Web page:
Sanfilippo syndrome
The majority of patients with Sanfilippo syndrome do not live past the age of adolescence; however, some people may live longer, up to 50 years old in some cases.

Sanfilippo syndrome causes severe neurological symptoms and intellectual disability. Patients’ IQs may be lower than 50.

The majority of people with this syndrome do not live past the age of adolescence. Some people may live longer, whereas others with more severe forms may die sooner.

Symptoms are most severe in people with Sanfilippo syndrome type A.

Sanfilippo syndrome affects 1 in every 70,000 births.

  • Children with Sanfilippo syndrome begin to decline about the age of two years.
  • The current consensus is that patients with Sanfilippo syndrome will live between 10 and 20 years after being diagnosed.
  • Some patients, however, have been reported to live up to 50 years.

What are the symptoms of Sanfilippo syndrome?

Sanfilippo syndrome is an inherited metabolic disorder caused by a lack of or malfunction of certain enzymes required for the breakdown of glycosaminoglycans molecules. It belongs to the mucopolysaccharidoses group of diseases.

Severe neurological symptoms characterize this condition, which includes:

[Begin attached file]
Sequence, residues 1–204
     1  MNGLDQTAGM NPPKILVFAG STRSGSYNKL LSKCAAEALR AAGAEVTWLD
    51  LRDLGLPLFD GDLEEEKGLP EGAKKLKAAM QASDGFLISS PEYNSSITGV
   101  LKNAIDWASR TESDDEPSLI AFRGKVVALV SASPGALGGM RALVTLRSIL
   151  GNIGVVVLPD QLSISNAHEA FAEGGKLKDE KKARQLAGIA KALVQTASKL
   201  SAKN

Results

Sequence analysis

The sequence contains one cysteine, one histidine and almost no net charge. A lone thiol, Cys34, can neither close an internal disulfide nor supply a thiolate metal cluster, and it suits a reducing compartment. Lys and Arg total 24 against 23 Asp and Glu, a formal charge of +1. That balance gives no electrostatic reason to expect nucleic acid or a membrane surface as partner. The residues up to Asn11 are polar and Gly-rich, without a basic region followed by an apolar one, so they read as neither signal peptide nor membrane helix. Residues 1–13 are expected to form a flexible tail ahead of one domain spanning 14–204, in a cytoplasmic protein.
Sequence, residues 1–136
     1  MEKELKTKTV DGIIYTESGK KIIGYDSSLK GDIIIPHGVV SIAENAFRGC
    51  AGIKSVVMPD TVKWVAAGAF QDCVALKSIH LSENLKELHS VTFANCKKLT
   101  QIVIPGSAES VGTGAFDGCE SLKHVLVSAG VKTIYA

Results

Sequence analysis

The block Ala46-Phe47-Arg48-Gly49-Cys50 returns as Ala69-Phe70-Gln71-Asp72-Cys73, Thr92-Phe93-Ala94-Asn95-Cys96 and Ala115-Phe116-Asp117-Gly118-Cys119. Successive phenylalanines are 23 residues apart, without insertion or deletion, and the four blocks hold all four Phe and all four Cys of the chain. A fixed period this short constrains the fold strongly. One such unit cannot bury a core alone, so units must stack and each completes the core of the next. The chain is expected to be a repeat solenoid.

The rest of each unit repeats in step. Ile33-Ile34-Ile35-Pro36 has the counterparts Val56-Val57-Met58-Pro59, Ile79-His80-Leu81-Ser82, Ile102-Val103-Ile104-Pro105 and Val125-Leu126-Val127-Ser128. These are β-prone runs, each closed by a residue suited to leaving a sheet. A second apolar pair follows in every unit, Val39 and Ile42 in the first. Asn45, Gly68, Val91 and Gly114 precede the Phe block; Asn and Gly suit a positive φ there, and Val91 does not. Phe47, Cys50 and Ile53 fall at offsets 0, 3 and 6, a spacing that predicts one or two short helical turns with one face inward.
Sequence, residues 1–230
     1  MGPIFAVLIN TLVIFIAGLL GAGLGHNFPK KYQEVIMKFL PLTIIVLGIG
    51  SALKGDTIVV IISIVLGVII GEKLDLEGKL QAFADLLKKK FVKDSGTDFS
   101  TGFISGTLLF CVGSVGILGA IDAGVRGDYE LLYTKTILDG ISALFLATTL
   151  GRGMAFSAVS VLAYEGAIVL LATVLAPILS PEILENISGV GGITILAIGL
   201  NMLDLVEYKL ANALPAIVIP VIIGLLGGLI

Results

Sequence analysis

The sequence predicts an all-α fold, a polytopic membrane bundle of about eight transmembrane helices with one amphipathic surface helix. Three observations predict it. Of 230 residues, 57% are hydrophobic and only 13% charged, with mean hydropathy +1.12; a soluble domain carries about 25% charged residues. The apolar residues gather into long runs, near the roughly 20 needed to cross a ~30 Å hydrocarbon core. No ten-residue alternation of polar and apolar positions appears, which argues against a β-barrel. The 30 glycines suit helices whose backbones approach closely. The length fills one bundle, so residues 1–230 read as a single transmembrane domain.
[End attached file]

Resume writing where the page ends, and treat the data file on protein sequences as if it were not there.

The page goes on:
• Progressive dementia
  • Aggressive behavior
  • Hyperactivity
  • Seizures
  • Deafness and loss of vision
  • Decreased intellectual functioning (severe mental retardation)
  • Inability to sleep for more than a few hours at a time
  • Thickened skin
  • Mild changes in facial features, bone, and skeletal structures
  • Severe diarrhea or constipation
  • Liver and spleen enlargement
  • Narrowing of the airway passage in the throat
  • Enlargement of tonsils and adenoids (difficulty eating and swallowing)
  • Recurring respiratory infections

Symptoms of Sanfilippo syndrome

Symptoms typically begin in the toddler years with behavioral issues such as irritability or aggression. Many parents misinterpret these symptoms as autism.

The most serious red flag is when a child begins to lose skills that most children learn as toddlers, such as speech. Sleeping difficulties, coarse facial features, joint stiffness, and abdominal issues are common symptoms.

Sanfilippo syndrome is inherited in an autosomal recessive pattern, which means that the mutated gene must be present in both parents. Parents rarely exhibit symptoms, and they are unlikely to know if they are carriers.

What are the types and stages of Sanfilippo syndrome?

4 types of Sanfilippo syndrome

Sanfilippo syndrome is classified into four types.

Each type is caused by a defect in a different enzyme. Symptoms and progression of these four types of the syndrome differ. The disease typically lasts 8 to 10 years after the onset of symptoms.

  1. Sanfilippo A:
    • The most severe type of disorder
    • Caused by missing or altered enzyme heparin N-sulfatase
    • The shortest survival rate among other disorders
  2. Sanfilippo B:
    • Caused by missing or altered enzyme alpha-N-acetylglucosaminidase
  3. Sanfilippo C: